TRI-CITIES, Tenn. (WJHL) — In light of recent accusations by a local district attorney regarding the treatment of a rape victim by staff at the Johnson City Medical Center, News Channel 11 reached out to sexual assault victim advocates to learn about proper protocol in the care of victims and collection of evidence.

Sexual assault victim advocates said there are specific procedures and protocols in place for treating a sexual assault victim and collecting rape kits. These protocols and procedures are in place for legal reasons and to reduce trauma to the victim.

According to Lenee Hendrix at the Branch House Family Justice Center, the first step when a person arrives at a hospital seeking a rape kit should be to pair them with a victim advocate, who can explain their rights and help through the process.

“If they walk into a hospital, ideally, the hospital would reach out to the advocate immediately, and the advocate would respond to make sure that the victim knows their rights, that they know that they can request a hold kit and not have to interact with law enforcement,” said Hendrix.

The advocate will work with the victim throughout the exam, help to arrange counseling if needed and walk with them through the legal process if they choose to pursue charges. Advocates can even accompany victims to court.

“When they arrive at the hospital or with law enforcement, either way, they’re supposed to call an advocate and get us on the way there,” said Tina Johnson, Director of Victim Services for Frontier Health. “The quicker an advocate gets there to be with a victim, the less intimidating the whole process will be.”

Victims should immediately be placed in a private room, not kept in a public waiting area, according to Hendrix. District Attorney General Steve Finney claimed in a letter to Ballad Health that the victim of a recent alleged rape and kidnapping in Johnson City was told to stay in a public waiting area after arriving at the hospital.

“Sitting in a waiting room with strangers, or potentially people they might recognize, who could then come up to them and say, ‘Why are you here? What brought you to the emergency department?'” said Hendrix. “To have to tell that story is incredibly re-traumatizing.”

Johnson has walked through the process with sexual assault victims and has witnessed the trauma caused by waiting in a public space.

“I’ve been with many victims who, due to space or other issues, they’ve been put in the waiting room, and they are constantly looking at the door worried that the perpetrator is going to walk in,” Johnson said.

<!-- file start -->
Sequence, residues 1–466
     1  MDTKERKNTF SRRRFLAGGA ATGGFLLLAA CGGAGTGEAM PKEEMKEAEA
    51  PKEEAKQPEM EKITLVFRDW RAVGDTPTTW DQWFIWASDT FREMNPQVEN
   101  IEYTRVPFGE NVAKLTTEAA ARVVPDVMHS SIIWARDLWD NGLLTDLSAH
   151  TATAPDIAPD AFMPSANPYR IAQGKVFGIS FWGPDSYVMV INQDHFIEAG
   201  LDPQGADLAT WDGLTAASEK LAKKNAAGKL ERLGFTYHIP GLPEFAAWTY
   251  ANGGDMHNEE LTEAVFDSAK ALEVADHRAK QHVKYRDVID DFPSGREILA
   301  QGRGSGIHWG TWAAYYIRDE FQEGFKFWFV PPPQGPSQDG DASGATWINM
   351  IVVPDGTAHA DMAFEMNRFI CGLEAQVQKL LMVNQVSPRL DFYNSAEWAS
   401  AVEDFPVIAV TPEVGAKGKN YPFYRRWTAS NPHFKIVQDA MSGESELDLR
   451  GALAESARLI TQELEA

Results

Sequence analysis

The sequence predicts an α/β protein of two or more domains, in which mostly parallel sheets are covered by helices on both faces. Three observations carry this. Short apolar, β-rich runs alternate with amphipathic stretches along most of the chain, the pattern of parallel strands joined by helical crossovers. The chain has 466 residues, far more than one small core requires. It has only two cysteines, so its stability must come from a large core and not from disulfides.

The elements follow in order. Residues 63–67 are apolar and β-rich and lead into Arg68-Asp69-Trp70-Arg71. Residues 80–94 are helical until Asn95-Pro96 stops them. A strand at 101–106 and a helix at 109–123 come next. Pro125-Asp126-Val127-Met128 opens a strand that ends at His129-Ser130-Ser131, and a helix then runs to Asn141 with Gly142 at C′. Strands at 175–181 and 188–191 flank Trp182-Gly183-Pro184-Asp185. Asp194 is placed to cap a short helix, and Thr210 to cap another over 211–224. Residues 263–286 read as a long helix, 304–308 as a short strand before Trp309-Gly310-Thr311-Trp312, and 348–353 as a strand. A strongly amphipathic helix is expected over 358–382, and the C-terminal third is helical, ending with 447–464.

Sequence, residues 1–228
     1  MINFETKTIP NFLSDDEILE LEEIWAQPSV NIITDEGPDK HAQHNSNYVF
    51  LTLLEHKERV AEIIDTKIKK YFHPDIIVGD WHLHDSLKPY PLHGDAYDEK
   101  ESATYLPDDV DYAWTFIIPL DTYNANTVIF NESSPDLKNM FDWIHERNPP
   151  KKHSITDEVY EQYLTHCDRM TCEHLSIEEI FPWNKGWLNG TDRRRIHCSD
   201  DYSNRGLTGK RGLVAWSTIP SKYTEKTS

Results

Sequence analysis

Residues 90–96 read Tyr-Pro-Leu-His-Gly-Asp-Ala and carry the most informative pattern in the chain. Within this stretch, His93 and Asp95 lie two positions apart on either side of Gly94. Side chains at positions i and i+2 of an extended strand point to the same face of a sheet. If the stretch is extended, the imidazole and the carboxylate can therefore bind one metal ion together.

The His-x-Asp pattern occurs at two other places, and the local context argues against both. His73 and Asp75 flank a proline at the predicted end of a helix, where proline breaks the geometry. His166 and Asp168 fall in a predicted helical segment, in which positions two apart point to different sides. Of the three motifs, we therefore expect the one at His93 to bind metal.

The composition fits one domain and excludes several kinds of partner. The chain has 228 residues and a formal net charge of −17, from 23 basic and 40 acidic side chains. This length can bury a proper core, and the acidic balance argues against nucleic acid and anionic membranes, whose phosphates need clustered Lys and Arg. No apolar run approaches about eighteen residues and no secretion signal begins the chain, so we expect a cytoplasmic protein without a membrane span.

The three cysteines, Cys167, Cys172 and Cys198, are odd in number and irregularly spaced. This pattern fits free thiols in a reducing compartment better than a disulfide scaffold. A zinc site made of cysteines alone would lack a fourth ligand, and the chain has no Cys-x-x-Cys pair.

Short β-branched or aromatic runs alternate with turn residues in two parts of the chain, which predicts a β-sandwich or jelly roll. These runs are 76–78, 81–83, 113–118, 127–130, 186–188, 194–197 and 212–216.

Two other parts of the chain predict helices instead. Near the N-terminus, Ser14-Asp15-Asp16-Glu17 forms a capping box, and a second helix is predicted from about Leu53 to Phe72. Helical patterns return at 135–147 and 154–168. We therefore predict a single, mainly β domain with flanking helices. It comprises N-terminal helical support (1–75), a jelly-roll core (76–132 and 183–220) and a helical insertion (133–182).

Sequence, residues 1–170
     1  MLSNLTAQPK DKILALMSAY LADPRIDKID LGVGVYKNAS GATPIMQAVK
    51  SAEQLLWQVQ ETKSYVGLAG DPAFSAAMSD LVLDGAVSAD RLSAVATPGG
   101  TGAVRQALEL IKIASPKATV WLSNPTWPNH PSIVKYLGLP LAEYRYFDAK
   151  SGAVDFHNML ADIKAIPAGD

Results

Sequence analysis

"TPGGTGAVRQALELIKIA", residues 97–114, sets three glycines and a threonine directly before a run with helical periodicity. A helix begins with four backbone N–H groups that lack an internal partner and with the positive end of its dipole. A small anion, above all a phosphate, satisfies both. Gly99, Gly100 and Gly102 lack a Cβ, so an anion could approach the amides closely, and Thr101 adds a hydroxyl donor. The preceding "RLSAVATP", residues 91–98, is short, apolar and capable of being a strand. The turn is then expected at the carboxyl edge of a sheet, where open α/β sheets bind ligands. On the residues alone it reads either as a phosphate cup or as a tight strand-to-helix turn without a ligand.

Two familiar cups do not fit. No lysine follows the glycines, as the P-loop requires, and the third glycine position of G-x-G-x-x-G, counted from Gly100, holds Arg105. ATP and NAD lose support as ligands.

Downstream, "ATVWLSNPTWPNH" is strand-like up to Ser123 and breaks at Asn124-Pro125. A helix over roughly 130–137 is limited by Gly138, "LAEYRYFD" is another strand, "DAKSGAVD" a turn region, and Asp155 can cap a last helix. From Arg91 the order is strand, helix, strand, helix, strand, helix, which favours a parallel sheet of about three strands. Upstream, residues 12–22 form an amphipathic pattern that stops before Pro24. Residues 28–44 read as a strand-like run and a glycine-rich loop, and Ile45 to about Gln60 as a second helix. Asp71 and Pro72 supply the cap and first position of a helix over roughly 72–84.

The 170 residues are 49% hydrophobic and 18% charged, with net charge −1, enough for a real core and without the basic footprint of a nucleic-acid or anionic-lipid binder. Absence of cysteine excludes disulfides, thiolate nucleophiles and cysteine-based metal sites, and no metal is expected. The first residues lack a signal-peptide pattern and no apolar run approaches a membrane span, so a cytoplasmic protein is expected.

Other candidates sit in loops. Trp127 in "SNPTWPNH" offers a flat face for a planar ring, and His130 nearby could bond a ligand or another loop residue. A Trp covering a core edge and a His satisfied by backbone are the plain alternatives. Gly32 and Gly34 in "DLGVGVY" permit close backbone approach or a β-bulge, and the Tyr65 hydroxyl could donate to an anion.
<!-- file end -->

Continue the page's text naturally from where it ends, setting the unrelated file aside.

That first step is one of many to make sure the process of treating the victim and collecting the rape kit does not create more trauma.

“They need to feel comforted every step of the way,” said Johnson. “We’re getting ready to ask them if they want to have a very invasive test done. This is going to help your case be prosecuted, but it also is very traumatic to be kind of re-victimized.”

Then the patient will be seen by a Sexual Assault Nurse Examiner (SANE) who is trained in the proper collection of evidence.

“They have been trained for evidence collection, forensic evidence collection, trauma-informed,” said Johnson. “They’re going to show up and know what trauma does to the brain and why this victim might not be able to tell you everything that’s just happened to them.”

Exams don’t have to be conducted at a hospital. Branch House has SANEs on call 24/7. Victims can request to be taken to the Branch House for their exams, but they must go to the Branch House first rather than the hospital. Despite being located in Sullivan County, the Branch House serves the greater area.

“When they’re called, they need to be able to respond within an hour,” said Hendrix. “We are a private facility. There’s no waiting room, they will immediately be met with an advocate and a SANE.”

That process includes getting the victim’s medical history, a narrative of the attack, a head-to-toe exam, collection of evidence including swabs and clothing, and photographs of related injuries.

“At any point in this process, the patient can decline any of this. If they do not feel comfortable with the photographs, they can decline those,” said Hendrix. “They are in full control, they can stop it anytime and request a break.”

Evidence collected could later be used in a trial if the victim decides to pursue charges.

“We know that if a victim, if their very first interaction after reporting a sexual assault is a positive one, they’re more likely to follow up to prosecute, and it lowers recantation,” said Hendrix.

After that kit and evidence are collected, they can be sent to the Tennessee Bureau of Investigation immediately for testing or held up to 10 years if a victim does not want to report to law enforcement immediately.

Hendrix said victims should never be charged for getting rape kits done but said she has seen victims sent bills. According to Hendrix, services related to sexual assault are free and reimbursed by the State of Tennessee.

Hendrix compiled a website of resources for sexual assault survivors, law enforcement and medical professionals where they can review their rights and proper procedures. To access that site, click here.

Frontier Health’s Sexual Assault Line is (423) 306-5169. All services are free of charge.

For more Branch House resources, click here.